Epsilon breach used four-month-old attack

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Epsilon breach used four-month-old attack

ReturnPath had warned partners of breach in November.

A data breach exposing the customer details of the likes of Citigroup, Hilton Hotels and Dell Australia was part of a series of socially-engineered attacks first reported by an Epsilon technology partner some four months ago, iTnews can reveal.

The world’s largest email service provider, Epsilon, disclosed on April 1, 2011 that the data it manages on behalf of a subset of its 2500 global clients had been accessed by hackers the day prior.

Today iTnews can reveal that Epsilon has been aware of the vulnerability behind this attack for some months.

In late November, Epsilon partner ReturnPath – which provides monitoring and authentication services to email service providers - warned customers about a series of coordinated phishing and hacking attacks levelled at the mailing list industry.

Neil Schwartzman, senior director of security strategy at Return Path’s ‘Email Intelligence Group’ warned its partners of “an organized, deliberate, and destructive attack clearly intent on gaining access to industry-grade email deployment systems”.

He said that the phishing attacks were targeted specifically at employees at email service providers that had specific access to email operations.

Schwartzman offered an example to illustrate:

“Hey Neil, it’s Michelle here, it has been a long time huh ? how’re you doing ? how’s your work with Return Path ? Is everything ok there ? Hey, can you believe it! I got married to Brian ! Yes I did. I tried to call but you did not answer. You have changed your number, haven’t you? Just give meyour current telephone number if you read this mail. It’s really a pity that we did not see you in our wedding. I wanted to invite you so much. Well, here I’m sending you a few pics taken in our wedding:


Let’s keep in touch then.


Michelle & Brian”

The link in the body of the email took the user to a page that downloaded three malware programs – one that disables anti-virus software, another (iStealer) that is a Trojan keylogger to steal passwords, and a third (CyberGate) which offers hackers remote administration of the infected machine.

“The potential consequences should ESP [email service provider] client mailing lists be compromised at this time of the year is unimaginable,” Schwartzman told customers.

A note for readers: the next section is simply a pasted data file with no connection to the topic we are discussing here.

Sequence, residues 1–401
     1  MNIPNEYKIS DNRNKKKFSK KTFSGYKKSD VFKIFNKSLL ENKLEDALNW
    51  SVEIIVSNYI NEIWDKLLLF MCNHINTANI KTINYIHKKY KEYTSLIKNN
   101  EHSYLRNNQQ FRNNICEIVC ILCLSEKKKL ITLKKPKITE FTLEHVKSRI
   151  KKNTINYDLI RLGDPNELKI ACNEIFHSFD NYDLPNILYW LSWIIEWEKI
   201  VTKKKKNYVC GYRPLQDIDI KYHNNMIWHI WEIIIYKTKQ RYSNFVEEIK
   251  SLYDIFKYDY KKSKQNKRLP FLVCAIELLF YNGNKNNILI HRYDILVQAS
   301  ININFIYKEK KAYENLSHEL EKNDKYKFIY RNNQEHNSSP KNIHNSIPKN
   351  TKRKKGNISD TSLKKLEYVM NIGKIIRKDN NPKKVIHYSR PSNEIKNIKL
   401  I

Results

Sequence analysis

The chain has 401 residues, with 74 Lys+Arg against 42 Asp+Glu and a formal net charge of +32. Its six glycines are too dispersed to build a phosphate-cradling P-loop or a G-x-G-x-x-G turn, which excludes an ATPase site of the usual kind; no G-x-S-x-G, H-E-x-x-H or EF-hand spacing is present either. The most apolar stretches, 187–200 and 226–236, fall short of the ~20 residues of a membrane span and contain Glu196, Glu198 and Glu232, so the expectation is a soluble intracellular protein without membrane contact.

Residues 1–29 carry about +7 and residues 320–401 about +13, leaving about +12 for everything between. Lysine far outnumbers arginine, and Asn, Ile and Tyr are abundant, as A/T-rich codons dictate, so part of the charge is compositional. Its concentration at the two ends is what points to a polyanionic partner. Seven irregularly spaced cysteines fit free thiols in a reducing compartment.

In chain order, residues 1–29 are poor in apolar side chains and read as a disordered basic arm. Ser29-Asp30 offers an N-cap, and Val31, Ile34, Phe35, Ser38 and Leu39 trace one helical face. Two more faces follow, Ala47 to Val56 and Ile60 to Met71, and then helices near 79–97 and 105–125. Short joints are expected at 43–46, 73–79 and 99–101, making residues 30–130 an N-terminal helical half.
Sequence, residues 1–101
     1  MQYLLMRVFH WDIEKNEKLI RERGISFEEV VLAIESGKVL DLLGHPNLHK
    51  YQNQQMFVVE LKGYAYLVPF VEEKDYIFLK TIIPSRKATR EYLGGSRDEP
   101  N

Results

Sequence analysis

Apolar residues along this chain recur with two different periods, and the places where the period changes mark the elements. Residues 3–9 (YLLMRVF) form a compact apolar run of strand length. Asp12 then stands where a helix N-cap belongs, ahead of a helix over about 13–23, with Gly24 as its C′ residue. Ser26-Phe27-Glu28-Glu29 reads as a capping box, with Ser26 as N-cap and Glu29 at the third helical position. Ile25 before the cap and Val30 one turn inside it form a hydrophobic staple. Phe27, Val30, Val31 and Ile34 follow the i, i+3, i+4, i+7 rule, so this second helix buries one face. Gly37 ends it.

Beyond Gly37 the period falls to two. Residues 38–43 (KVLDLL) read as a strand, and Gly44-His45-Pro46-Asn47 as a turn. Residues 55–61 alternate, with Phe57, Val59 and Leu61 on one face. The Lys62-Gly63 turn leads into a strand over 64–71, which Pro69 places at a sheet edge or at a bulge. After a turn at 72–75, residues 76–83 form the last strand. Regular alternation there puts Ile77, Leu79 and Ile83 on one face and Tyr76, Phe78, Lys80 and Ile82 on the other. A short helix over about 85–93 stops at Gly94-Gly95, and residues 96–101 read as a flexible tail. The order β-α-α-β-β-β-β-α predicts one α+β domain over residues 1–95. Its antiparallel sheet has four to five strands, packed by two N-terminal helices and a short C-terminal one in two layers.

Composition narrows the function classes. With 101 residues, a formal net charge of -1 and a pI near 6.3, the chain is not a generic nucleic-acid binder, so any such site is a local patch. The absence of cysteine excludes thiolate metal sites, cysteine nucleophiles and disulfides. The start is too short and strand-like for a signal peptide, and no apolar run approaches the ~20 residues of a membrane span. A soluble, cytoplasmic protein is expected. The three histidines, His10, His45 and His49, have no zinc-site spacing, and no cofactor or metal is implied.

Schwartzman’s nightmare came true within days.

By December 10, drugstore giant Walgreens – today an Epsilon customer - revealed that it had been the victim of a phishing attack levelled at its customers.

On December 13, fellow email service provider Silverpop Services revealed that it too had “recently detected suspicious activity in a small percentage of customer accounts”, and responded by changing all passwords and engaging the FBI’s cybercrime division.

In the days that followed, it was revealed that McDonalds and Play.com customers had been hit with phishing attacks as a result of this breach.

In an update on December 15, Silverpop chief executive Bill Nussey revealed that the company was “working with industry peers to share what we have learned” from the attack.

Epsilon – the world’s largest email service provider and a ReturnPath partner – subsequently installed systems designed to alert administrators to unusual patterns in the downloading of data.

It was this system that kicked in on March 30, 2011 and the company subsequently informed its clients of a data breach affecting two percent of its large customer base.

“Epsilon is working with Federal authorities, as well as other outside forensics experts, to both investigate this matter and to ensure that any additional security safeguards needed will be promptly implemented,” the company said in a statement overnight.

The challenge for Epsilon will be to now convince its clients that it had done enough to protect their data, considering the number of months it had known of the vulnerability.

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